Other Wu Members receive less airtime. Writers balanced out that dearth with heavy-handed attempts to drive home the renown aspects of various Wu members. “The Genius” GZA (Johnell Young) is introduced at a funeral by offering an overtly scientific description of a gunshot wound, while Inspectah Deck, played by Joey Bada$$, stands almost exclusively by a window in a bid to illustrate an observational nature (famously explained by Method Man on Enter the Wu-Tang (36 Chambers).) Dave East has difficulty embodying Meth at junctures. He does well in a fiery scene with a record executive, but his distinctive rapping voice is a far cry from Method Man’s elastic, raspy vocals. His status as a popular contemporary rapper could be doubly distracting for some viewers. Ol Dirty Bastard’s son Young Dirty Bastard does his father’s madcap legacy justice, offering occasional comic relief with one-liners and antics.
But ODB doesn’t have many scenes or much character development in season one. RZA made the curious decision to focus an inordinate amount of this season on his immediate family. Julian Elijah Martinez does a strong job as Divine, first making him a figure of ire with his pleas for RZA to leave music alone for the drug game but later eliciting empathy by illustrating the emotional strain of being a Black person convicted of a felony. Erika Alexander plays a resilient mother, Diggs, but it would have been interesting to see writers explore her feelings about having her house and mortgage paid for in part by drug money from RZA and Divine.
It seems RZA wanted to give the full backstory of his upbringing, but it came at the expense of his groupmates’ tales. Masta Killa and U-God don’t appear in the first eight episodes, while Divine’s in-prison brush with eventual group member Cappadonna is only briefly explored.
One role that consistently delivers isn’t a person, but New York City itself. The series does a solid job of capturing the vibe of the city in the early ‘90s, whether it’s the Carhartt jackets and Polo wear or a score featuring standards like Public Enemy and EPMD or rap stars like Rakim and Big Daddy Kane being royalty to the young Clan. Shots of the Statue Of Liberty and iconic New York skyline strategically convey both the characters’ aspirations for their version of the American Dream and the physical reality of just how far they are from those hopes in the unpredictable trenches of Shaolin.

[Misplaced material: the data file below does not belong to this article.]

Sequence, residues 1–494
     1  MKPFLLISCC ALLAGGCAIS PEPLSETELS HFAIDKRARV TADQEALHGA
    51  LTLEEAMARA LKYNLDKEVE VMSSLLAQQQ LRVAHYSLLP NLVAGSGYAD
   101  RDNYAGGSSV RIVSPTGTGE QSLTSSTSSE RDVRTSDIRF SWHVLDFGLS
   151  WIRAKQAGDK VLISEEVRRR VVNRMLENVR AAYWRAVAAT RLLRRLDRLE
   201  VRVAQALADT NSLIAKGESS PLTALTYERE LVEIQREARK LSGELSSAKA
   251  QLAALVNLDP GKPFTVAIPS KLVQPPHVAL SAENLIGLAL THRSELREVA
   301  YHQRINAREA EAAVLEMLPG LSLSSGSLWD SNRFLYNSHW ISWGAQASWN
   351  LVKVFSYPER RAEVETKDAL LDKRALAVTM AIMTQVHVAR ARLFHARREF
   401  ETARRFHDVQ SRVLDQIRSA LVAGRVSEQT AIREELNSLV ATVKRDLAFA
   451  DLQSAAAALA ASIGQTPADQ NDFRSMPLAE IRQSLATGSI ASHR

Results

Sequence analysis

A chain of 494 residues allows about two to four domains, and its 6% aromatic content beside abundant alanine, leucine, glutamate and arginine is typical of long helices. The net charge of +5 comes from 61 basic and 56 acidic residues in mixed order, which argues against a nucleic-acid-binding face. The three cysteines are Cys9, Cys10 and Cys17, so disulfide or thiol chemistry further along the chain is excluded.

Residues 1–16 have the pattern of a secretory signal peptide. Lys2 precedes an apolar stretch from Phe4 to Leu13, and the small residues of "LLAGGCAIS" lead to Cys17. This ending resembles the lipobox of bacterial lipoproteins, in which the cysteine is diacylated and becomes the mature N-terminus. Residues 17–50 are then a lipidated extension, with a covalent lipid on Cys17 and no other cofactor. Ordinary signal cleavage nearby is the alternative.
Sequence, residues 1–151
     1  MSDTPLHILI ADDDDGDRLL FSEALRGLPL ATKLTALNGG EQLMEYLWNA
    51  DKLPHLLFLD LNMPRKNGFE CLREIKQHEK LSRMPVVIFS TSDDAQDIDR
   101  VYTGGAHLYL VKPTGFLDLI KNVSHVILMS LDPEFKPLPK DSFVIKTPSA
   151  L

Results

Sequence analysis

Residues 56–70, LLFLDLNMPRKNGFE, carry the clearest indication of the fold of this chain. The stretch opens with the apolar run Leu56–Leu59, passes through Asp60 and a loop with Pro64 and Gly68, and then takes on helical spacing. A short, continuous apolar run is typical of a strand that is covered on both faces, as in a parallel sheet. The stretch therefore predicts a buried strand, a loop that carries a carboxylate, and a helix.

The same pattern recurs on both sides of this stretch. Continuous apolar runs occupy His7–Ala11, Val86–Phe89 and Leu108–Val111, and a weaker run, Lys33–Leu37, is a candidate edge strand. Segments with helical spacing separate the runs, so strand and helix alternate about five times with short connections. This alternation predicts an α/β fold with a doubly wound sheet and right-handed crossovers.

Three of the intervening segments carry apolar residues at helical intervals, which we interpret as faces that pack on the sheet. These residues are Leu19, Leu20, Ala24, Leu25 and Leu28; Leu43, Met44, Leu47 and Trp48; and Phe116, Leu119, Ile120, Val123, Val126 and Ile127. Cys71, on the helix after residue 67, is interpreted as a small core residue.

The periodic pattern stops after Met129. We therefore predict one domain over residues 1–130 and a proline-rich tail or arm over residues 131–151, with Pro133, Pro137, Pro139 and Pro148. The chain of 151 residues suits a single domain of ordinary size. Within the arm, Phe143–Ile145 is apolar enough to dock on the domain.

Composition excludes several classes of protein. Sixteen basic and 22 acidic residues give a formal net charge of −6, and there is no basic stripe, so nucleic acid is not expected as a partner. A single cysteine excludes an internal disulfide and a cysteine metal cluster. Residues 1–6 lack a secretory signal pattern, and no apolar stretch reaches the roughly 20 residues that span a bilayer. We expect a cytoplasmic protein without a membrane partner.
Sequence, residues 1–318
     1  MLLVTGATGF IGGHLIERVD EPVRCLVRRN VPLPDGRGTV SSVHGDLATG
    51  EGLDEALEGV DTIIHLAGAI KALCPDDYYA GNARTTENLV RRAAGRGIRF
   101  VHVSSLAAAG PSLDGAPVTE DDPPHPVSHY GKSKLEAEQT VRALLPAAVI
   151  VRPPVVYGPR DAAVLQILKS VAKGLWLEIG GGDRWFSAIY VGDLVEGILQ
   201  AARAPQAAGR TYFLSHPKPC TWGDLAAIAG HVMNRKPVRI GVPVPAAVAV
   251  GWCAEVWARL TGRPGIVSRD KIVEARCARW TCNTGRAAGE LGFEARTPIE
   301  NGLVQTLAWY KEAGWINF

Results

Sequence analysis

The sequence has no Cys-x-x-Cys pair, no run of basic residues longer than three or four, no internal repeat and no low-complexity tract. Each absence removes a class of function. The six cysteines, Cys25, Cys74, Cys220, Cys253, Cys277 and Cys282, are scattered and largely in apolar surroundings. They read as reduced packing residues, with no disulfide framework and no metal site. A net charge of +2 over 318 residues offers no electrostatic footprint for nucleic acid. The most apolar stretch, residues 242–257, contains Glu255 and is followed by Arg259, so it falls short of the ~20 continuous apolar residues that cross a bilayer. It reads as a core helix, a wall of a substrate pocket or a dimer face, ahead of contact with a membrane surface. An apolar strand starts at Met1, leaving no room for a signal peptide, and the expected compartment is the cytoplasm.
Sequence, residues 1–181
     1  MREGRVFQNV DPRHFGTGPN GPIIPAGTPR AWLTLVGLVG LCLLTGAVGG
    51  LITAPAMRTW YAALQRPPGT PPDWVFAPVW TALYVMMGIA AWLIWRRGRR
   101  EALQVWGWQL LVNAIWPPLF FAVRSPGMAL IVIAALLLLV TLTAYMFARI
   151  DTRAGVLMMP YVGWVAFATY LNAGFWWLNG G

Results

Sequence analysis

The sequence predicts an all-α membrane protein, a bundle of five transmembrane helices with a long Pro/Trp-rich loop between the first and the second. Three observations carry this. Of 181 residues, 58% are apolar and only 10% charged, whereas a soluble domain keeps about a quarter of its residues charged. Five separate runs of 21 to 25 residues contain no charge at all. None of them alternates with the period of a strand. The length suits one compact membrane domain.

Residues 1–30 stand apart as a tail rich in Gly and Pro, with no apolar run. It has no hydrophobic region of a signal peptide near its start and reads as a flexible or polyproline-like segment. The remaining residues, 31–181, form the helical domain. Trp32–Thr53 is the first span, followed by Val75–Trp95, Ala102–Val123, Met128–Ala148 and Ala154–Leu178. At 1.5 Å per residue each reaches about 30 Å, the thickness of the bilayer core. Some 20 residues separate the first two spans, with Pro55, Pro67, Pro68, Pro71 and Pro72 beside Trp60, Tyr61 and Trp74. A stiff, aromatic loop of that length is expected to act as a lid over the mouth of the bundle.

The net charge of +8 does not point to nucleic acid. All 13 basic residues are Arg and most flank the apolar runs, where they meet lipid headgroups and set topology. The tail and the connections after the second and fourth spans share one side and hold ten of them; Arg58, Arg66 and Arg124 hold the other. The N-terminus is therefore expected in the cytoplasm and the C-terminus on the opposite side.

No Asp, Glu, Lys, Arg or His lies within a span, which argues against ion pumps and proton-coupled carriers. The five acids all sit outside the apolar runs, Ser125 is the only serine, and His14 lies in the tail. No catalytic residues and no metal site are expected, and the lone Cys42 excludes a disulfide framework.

In a particularly stellar scene, drug dealer Jah Son streaks onto the block in a car as Divine and RZA talk on the corner. He flashes a wad of money, then pulls out a gun on a truck that pulls up behind him — before realizing the person in the vehicle was a friend. Disaster was temporarily averted, but RZA gives Divine a frustrated glare to convey that he knows the next random pullup may be their last. Next season needs more of these show-not-tell moments, which further the plot and hammer home messages more effectively than dialogue that can be way too sanctimonious and on-the-nose.
RZA has been making inroads in Hollywood for years. The series feels like one of the first times that Hollywood Abbot has tapped into the visionary spirit that made him a legendary producer. He realized the group’s story couldn’t be told in just a couple hours, and is trying out a prolonged format that will be a test case for future documentation of rap history.
Wu-Tang: An American Saga isn’t a paint by numbers highlight reel. The ambitious series expands on history only briefly touched on in interviews and excepts of The Wu Manual. Anyone with a cursory knowledge of music history knows what the Wu became, which makes their humble, contentious beginnings all the more compelling to watch. While the ensemble cast is spotty, the plot drives the action and makes the show a worthwhile watch for anyone seeking the backstory on one of music’s most iconic movements.
Andre Gee is a New York-based freelance writer with work at Uproxx Music, Impose Magazine, and Cypher League. Feel free to follow his obvious Twitter musings that seemed brilliant at the moment @andrejgee.